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Medical Dopamine and addiction

  1. Jan 10, 2007 #1
    I am well aware that high dopamine release causes addiction because it activates the reward centres in the brain...

    Like with heroin, opioids causes dopamine release (via the disinhibition of GABA) and that causes activation of reward centres in the brain... You get addiction...

    With amphetamines it is the same story... They cause dopamine release and they cause addiction...

    But I am a bit confused about some of the drugs... I was learning about Parkinsons disease medication today and got a bit confused...

    Levodopa - it is the precursor of dopamine and it is used in order to treat parkinson's disease... It travels through the blood brain barrier, where it is decarboxylated to form dopamine - and yet this increase in dopamine levels in the brain but it is not addictive...

    Bromocriptine is a dopamine receptor agonist... It is given when levodopa is no longer effective... Since it activates the same receptors are dopamine - surely this would make it addictive?...

    But levodopa and bromocriptine don't seem to be addictive as far as i know... so anyway, does anyone know why they aren't addictive?
  2. jcsd
  3. Jan 10, 2007 #2


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    There are many dopaminergic cell groups, and each of those has numerous projections to other brain areas. So, it depends on which of those cell groups is being affected. It's also a bit oversimplified to boil all of drug addiction down to only dopamine. Addiction isn't just the activation of the dopaminergic pathways (those pathways are activated when you don't become addicted as well). Addiction is more likely related to neural plasticity...physical changes in the synaptic contacts formed between different cell groups.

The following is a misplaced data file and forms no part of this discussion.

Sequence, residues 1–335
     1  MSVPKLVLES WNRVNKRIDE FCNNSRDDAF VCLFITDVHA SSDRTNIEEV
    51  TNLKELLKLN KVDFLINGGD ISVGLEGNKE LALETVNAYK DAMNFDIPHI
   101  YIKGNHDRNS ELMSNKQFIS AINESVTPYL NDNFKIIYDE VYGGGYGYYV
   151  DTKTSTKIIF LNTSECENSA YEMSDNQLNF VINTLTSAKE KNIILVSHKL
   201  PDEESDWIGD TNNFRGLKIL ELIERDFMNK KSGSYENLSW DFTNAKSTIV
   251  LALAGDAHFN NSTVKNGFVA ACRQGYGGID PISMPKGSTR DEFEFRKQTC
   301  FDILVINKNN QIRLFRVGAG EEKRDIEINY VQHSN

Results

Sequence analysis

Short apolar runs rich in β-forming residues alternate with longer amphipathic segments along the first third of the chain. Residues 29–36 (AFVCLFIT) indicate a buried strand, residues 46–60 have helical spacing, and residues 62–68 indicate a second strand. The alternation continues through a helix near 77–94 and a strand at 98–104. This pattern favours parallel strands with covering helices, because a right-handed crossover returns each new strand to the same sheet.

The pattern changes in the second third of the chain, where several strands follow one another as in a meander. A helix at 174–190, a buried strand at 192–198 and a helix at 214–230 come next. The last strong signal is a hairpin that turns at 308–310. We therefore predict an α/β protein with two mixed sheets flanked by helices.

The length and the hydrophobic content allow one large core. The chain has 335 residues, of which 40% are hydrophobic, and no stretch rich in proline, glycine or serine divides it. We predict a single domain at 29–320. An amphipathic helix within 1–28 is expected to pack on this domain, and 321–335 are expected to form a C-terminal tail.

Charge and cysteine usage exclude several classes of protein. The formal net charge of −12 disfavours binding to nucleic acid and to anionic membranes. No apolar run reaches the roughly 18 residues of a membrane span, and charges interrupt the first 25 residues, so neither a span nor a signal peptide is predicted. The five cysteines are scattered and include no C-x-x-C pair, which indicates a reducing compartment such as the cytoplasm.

Here are some references to help you out:


    Also, with regard to bromocriptine, and other receptor agonists, keep in mind that there are a number of dopamine receptor subtypes, so not all agonists/antagonists act on the same receptors. Bromocriptine is primarily a D2 receptor agonist. The process of drug addiction more likely includes D1 and D3 receptors.

    In Parkinson's disease, levodopa is used to attempt to restore normal dopamine function, not to increase dopamine to elevated levels. There are some case studies reporting addiction to levodopa. As an example:

    Tack E, De Cuypere G, Jannes C, Remouchamps A. Levodopa addiction. A case study. Acta Psychiatr Scand. 1988 Sep;78(3):356-60.

  4. Jan 11, 2007 #3
    Ok... Thanks for that help...

    I understand now that levodopa increases dopamine stores in neurones and that dopamine is only released when neurones are stimulated... I thought before that it just increased the dopamine levels... This would explain why levodopa is no longer effective when all the nerones running from the substantia nigra to the striatum die in late stage Parkinsons...
  5. Jun 23, 2007 #4
    I agree, it is much more complex than any single neural transmitter. Cocain addiction, for example, has also been associated with the same part of the brain responsible for monogamous behavior. At any rate, eighty percent of all people with mental illness suffer from substance abuse at some point in their lives, and addictive personality disorder is usually an inherited condition.

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